In the most fragmented presidential race in Peruvian history, the hapless left-wing leader Pedro Castillo, 51, who rushed to the polls last week and held onto the lead since Sunday night (11), must confirm its place in the next phase.
With 90% of the votes counted, the most likely scenario is that he will appear in the second round, in June, with a right-wing opponent: ex-congressman Keiko Fujimori, 45, or economist Hernando de Soto, 79 years old. His opponent may also be the far-right candidate Rafael López Aliaga, who is called “Peruvian Bolsonaro” for his link with the Catholic Church – he is a member of Opus Dei – and for the conservative agenda of customs.
Until 9 p.m. on Monday (12), Castillo led with 18.89%, followed by Keiko (13.25%), De Soto (11.86%) and Aliaga (11.83%)
With a little distance, leftist Veronika Mendoza, ex-pledge of recent years (Julio Guzmán), populist Yohny Lescano, former Alianza Lima player George Forsyth and even a former president, Ollanta Humala (2011) have been left behind. -2016).
Castillo, 51, is a surprise to many analysts. When reporting the first results, CNN in Spanish didn’t even have a picture of him to put on the board. Castillo showed himself to the world in a picturesque way, going to vote mounted on his horse, in Cajamarca (in the Andean region).
Unionist and high school teacher, Castillo became known nationally for having led teachers’ strikes, the most famous of them in 2017. “I would like to thank the forgotten peoples of my country, salute the men and women. women who are in the corners of the country, greet those who they are beyond the borders of the motherland, where the state does not arrive. Today, the Peruvian people have just taken the blindfold off him, ”he said, learning the first results that put him in mind.
A candidate for the Perú Libre alliance, he advocates higher salaries for employees in the education sector. He has an anti-corruption rhetoric and proposes to dissolve the Constitutional Court and the 1993 Constitution – according to him, those responsible for authorizing irregular practices.
Some of his campaign promises are seen as quite authoritarian. Castillo plans, for example, to regulate the media and to put an end to “television which only spreads garbage”. And he has promised to reduce the civil service, which he considers corrupt.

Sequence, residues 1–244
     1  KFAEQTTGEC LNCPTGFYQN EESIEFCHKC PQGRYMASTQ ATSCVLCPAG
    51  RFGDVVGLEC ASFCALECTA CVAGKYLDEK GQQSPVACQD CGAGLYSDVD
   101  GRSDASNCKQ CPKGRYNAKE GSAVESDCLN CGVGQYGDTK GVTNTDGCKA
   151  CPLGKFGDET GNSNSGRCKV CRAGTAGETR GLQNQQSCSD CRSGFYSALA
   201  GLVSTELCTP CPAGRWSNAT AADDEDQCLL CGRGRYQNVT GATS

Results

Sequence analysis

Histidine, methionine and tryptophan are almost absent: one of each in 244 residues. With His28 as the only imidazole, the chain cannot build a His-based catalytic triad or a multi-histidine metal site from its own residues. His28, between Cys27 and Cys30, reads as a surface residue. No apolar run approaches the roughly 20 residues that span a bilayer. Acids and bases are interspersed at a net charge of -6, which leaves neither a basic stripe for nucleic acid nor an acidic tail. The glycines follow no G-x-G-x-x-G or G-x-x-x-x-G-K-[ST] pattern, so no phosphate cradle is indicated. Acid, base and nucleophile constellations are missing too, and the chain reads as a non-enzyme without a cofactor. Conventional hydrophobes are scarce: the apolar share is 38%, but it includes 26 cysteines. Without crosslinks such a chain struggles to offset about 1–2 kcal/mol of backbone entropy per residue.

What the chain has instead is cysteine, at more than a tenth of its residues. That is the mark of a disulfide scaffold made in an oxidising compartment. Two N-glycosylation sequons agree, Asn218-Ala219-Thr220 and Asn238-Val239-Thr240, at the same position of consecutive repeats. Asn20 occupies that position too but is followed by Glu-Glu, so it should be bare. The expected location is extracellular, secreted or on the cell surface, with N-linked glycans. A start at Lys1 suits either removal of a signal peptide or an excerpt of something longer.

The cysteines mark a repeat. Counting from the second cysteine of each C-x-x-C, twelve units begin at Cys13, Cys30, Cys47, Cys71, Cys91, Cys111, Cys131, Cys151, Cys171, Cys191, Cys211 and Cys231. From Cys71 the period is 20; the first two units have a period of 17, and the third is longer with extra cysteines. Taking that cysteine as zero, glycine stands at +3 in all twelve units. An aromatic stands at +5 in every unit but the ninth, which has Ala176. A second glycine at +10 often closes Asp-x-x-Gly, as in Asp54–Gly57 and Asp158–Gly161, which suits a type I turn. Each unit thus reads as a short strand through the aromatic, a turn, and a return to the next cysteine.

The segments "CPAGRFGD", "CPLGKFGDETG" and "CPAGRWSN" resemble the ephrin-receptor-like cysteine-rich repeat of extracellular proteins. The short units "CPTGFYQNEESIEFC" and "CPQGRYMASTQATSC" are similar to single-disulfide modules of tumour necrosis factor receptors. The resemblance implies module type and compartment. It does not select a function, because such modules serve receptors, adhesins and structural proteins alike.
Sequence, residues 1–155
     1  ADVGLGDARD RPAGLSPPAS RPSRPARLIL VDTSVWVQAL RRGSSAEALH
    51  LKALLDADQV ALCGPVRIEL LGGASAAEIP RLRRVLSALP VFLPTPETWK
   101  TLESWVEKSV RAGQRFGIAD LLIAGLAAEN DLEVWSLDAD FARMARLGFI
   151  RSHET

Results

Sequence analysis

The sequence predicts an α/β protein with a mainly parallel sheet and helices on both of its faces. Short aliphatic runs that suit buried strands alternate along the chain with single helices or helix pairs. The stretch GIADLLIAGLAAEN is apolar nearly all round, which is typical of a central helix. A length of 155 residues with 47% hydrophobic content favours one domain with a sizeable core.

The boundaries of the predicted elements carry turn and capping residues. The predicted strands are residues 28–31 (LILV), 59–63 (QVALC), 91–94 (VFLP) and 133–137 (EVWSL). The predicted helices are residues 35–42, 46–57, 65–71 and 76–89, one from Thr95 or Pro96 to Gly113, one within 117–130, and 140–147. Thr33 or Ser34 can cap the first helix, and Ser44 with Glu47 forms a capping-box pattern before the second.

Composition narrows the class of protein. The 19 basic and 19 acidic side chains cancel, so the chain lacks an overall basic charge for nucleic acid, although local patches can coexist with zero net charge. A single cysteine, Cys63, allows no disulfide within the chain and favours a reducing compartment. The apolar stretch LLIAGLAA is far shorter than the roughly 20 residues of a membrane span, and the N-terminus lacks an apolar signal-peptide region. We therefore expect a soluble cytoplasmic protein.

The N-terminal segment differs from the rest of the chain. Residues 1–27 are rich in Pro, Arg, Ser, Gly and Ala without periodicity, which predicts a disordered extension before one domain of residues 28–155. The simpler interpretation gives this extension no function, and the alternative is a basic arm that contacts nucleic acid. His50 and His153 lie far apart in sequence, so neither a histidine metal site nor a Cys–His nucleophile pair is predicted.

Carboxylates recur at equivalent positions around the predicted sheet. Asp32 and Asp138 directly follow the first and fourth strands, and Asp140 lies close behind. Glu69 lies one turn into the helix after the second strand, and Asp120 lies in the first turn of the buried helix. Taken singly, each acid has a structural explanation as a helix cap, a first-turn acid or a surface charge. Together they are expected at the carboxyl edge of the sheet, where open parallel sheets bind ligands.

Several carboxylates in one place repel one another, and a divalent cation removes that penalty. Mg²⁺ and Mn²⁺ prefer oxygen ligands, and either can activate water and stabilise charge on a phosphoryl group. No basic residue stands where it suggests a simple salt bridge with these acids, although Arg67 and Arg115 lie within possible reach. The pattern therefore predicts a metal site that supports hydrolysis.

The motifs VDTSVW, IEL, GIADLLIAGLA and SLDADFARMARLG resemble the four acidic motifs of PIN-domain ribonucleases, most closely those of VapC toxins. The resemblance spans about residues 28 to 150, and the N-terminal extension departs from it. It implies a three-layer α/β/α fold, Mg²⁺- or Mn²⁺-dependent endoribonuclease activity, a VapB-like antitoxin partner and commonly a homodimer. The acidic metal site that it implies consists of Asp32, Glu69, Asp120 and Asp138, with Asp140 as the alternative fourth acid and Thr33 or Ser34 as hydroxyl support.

The candidate is against abortion, equal marriage and euthanasia.
In the economy, it promises more state intervention and the nationalization of oil companies and energy production. Castillo says his new constitution will implement “equitable asset sharing” in Peru.
Less surprising is the candidacy of Keiko Fujimori, 45, who is running for the third time for the presidency. In recent times, the ex-congressman has launched his own political career – after many years known as “Fujimori’s daughter”, in reference to ex-president Alberto Fujimori (1990-2000).
“If Keiko wins or Keiko loses, today it will be more because of his merits or his mistakes, his political trajectory is already long enough for him to answer for his successes or his mistakes”, explains the analyst. Alberto Vergara.
A graduate in business administration from Boston University, Keiko is married to an American and has two daughters. During the last term, he led the Força Popular, a Fujimorista party, in its attempts to overthrow Pedro Pablo Kuczynski – to whom he lost in 2016 by a difference of just over 50,000 votes.
The prospect of coming to power that year drew crowds into the streets to protest a possible return to Fujimorism. With that, the left decided, at the last minute, to support the PPK (as it is called), and it ended up winning the election.
In 2018, Keiko was arrested on charges of money laundering and receiving two money from Brazilian entrepreneur Odebrecht. In 2019, he obtained a habeas corpus, but the process is not yet complete.
Embedded with Keiko, economist Hernando de Soto would be an option for the more conservative right, since he defends a traditional agenda in customs, but liberal in the economy. De Soto grew up outside Peru, when his family fled the military regime imposed by Manuel Odría (1948-1956) and studied in Switzerland. An economist, he has worked with international organizations on strategies to fight hunger in the poorest regions.
Ultra-right-wing López Aliaga, in turn, gained attention during the campaign mainly for picturesque aspects of his personality – he claims, for example, to use a belt with needles to suppress his sexual desire and get closer to God.
Analysts said this year’s election reflects the dismantling situation of Peruvian parties, growing distrust of politics caused by repeated corruption scandals and the effects of the coronavirus pandemic. Peru is one of the South American countries hardest hit by Covid, with 1.6 million cases and nearly 55,000 deaths since the start of the crisis – and is now seeing a further increase in cases.
Despite the worsening pandemic, the election remained on schedule in response also to the instability of the Peruvian government.
Interim President Francisco Sagasti is the fourth in the current term, which began with the election of the PPK in 2016, which he resigned before going through impeachment proceedings for involvement in bribes.
His successor, Martín Vizcarra, was removed from his post in November 2020 after facing two impeachment cases, also accused of receiving bribes, which would place him in the category of ” moral incapacity ”, preventing him from remaining in office.
Subsequently, Congressman Manuel Merino de Lama took over for just six days, who resigned after episodes of violence following the institutional crisis.